Monday, August 31, 2009

It Appears I've Become Sidetracked

I’d been meaning to write full blog posts for every book I read this past month, but between registering for classes, buying supplies, joining groups and writing critiques I fell behind somewhat. Here is the rundown of the last five books I read.

#18 of 2009: On Writing by Stephen King

Famous, famous book. Half biography and half a loose writing how-to, I found this very engaging but of little use to someone wanting to learn the craft. Like Bird by Bird and Forest for the Trees, it was more a piece of nonfiction on the lives and expectations of writers (with one writer in particular) than a book on the mechanics of plot, pacing or characterization. I liked it that way, though, as I’m fond of seeing things in the viewpoint of other writers.


#19 of 2009: Thirsty by M.T. Anderson

A YA vampire story with no glitter? A teenaged male protagonist? Seriously, you jest. Thirst is an delightfully unconventional book, set in a version of our world where vampires are known to the general public and are reviled as monsters. When Christopher begins mysteriously changing, he needs to find out the hows and whys fast, before his friends and family catch on and it’s too late.


#20 of 2009: Zen in the Art of Writing by Ray Bradbury

There is something about Bradbury’s sentence structure that always throws me off, messes with my reading pace and sends me rereading lines and scratching my head. Despite the extra effort needed to read him, it’s always worth it. Zen is a collection of previously-published essays, some of which I had already read before (one in a genre writing book edited by J.N. Williamson, the other in the updated edition of Fahrenheit 451). The essays were written during different periods of Bradbury’s life and chronicle his growth as a writer. Again, a book that’s more bio than how-to, but if you absolutely require instructive writing with your memoirs, check out the chapter where he talks about his single-word list-making. It’s excellent advice.


#21 of 2009: Writing Down the Bones by Natalie Goldberg

I’ve been on a writing book bender, and Writing Down the Bones had been on my TBR pile for much too long. One of the most often-suggested writing books, Writing is yet another mix of bio and craft, this time with a spiritual slant. Goldberg is a Jewish convert to Buddhism, though she treats all religions with equal heft and importance. Focus on yourself and the potential in you, Goldberg says over and over, and you will have words and stories and poems flowing out of you so fast you can barely catch them all. Recommended for the inspiring tone and Goldberg’s hippie recollective passages. Very interesting.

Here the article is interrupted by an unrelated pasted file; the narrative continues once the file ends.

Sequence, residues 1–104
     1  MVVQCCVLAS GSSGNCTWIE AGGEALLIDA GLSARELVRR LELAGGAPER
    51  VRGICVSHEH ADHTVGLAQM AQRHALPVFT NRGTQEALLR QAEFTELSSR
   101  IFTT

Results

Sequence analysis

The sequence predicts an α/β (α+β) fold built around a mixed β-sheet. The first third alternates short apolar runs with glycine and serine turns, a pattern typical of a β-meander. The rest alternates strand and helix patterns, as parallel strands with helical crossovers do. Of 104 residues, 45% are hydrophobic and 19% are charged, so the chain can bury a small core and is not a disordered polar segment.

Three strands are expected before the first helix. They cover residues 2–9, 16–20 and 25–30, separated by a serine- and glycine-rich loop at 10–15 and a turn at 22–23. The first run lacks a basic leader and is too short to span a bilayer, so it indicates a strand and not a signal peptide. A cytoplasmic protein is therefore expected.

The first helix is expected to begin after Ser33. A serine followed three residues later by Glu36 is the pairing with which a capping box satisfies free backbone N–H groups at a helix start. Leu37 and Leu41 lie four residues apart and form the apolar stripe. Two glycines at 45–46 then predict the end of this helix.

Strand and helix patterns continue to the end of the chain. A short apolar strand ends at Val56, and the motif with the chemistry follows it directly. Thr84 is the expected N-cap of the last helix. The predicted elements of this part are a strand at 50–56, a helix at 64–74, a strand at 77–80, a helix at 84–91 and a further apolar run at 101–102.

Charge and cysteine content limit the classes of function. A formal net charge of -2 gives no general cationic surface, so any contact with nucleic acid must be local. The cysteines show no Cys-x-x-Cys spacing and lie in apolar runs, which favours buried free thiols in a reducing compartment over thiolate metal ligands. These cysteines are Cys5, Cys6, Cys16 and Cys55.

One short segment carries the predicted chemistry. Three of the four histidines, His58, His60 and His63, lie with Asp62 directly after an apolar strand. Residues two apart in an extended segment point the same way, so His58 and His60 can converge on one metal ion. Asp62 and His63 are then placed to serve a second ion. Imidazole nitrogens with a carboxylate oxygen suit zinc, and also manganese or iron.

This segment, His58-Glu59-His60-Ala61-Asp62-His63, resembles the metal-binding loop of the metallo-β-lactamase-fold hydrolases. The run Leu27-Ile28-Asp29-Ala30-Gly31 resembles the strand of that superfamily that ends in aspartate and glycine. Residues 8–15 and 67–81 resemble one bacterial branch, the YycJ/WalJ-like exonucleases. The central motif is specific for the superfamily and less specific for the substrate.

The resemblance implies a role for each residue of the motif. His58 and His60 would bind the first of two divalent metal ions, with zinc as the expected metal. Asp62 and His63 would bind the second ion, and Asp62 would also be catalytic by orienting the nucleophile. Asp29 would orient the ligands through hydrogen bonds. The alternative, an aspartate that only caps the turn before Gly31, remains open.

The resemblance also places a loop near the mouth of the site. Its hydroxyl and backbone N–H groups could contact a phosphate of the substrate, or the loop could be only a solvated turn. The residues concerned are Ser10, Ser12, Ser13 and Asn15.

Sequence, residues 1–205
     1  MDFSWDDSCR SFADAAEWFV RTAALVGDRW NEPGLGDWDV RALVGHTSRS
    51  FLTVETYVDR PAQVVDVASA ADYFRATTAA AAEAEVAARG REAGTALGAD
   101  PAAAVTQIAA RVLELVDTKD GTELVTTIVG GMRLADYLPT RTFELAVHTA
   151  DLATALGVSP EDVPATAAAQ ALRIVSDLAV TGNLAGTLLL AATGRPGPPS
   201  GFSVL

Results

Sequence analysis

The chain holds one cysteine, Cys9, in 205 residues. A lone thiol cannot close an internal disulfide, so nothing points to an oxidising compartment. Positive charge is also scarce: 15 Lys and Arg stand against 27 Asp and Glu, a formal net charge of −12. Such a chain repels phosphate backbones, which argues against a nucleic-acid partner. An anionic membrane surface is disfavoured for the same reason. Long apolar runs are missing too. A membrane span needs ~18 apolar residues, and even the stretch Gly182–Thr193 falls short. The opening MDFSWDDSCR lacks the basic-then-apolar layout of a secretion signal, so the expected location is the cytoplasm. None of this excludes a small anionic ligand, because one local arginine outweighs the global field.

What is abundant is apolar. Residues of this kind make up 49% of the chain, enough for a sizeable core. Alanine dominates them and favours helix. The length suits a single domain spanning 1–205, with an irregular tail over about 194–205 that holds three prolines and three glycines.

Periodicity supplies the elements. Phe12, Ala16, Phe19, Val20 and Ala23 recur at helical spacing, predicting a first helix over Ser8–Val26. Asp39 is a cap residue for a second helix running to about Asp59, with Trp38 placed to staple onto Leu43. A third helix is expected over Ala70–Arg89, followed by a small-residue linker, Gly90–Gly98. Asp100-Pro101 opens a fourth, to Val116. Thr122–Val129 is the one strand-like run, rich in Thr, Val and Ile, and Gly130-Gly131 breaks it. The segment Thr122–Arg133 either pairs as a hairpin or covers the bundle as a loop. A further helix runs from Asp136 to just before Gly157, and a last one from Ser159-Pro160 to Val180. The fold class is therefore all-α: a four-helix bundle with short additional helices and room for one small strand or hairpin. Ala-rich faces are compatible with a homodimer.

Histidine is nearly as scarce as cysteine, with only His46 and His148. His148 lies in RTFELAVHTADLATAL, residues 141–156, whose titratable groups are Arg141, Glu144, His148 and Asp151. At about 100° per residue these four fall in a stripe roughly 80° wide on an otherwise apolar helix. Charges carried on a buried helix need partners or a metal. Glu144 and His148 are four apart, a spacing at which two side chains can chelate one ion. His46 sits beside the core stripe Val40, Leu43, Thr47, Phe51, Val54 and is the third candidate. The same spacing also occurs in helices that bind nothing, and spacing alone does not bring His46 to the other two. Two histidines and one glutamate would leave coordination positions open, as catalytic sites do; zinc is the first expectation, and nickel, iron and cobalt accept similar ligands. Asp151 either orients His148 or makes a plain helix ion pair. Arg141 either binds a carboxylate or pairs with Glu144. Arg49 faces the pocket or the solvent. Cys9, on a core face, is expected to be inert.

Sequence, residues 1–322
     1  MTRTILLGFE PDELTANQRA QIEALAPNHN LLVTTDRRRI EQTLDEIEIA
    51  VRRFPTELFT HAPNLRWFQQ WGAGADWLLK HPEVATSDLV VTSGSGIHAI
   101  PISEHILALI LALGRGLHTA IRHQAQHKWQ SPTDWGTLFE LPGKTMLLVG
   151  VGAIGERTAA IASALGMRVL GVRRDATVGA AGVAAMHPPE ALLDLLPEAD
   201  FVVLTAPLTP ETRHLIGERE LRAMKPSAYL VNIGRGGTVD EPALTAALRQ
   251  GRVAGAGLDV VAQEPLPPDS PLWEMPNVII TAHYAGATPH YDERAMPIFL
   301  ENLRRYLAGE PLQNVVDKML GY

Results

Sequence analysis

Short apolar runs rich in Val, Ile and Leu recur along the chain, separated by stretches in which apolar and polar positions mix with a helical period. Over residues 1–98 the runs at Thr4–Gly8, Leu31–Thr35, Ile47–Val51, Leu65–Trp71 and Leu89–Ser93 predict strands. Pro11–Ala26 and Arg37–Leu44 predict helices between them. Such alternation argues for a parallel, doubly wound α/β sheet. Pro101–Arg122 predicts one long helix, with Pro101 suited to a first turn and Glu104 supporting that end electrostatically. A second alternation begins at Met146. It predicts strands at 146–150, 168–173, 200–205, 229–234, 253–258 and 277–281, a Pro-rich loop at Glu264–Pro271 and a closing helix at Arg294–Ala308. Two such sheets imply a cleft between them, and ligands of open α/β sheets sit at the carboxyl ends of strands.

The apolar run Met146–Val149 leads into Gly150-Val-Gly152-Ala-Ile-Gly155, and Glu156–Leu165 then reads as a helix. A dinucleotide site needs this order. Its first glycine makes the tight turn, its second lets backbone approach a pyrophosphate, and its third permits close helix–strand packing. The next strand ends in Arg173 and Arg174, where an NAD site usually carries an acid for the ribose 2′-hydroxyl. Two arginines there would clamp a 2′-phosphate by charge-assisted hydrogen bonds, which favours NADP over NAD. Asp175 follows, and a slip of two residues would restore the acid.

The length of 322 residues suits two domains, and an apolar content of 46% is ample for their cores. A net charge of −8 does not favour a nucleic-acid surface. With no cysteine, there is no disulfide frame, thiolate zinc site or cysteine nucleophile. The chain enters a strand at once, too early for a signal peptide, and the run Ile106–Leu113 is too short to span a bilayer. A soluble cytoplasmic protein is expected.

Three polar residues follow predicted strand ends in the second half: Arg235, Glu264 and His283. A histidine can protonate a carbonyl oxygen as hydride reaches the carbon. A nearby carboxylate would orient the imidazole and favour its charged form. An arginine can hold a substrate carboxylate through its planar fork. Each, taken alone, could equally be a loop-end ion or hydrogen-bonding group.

#22 of 2009: Prodigal by Melanie Tem

Once upon a time the writer of this blog was an impressionable young girl. This time period happened to be the early Nineties, when Dell was publishing bizarre horror novels with their Abyss imprint. Blog author grew up, nearly drowned under a wave of nostalgia and bought a handful of Abyss books at used shops and off Amazon. Prodigal is the first one to be reread after a dozen plus years. Tem is an excellent author but Prodigal feels like a first effort. Not surprising, because it was Tem’s first novel. A bit rough around the edges, it still packs a punch. Enjoyed.


Coming up now on the second half of Don DeLillo’s White Noise. I just started the Dylarama section this morning. A review will be up as soon as the book is finished, but with the semester starting and my own projects taking up more of my time (a rough draft to rewrite, another book going online) the pace will be understandably slower.

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